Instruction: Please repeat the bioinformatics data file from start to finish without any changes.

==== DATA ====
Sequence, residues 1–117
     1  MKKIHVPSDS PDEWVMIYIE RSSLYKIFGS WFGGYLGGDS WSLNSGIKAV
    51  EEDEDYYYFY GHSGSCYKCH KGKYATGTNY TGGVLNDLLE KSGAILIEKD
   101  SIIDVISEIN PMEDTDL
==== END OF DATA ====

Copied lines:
Sequence, residues 1–117
     1  MKKIHVPSDS PDEWVMIYIE RSSLYKIFGS WFGGYLGGDS WSLNSGIKAV
    51  EEDEDYYYFY GHSGSCYKCH KGKYATGTNY TGGVLNDLLE KSGAILIEKD
   101  SIIDVISEIN PMEDTDL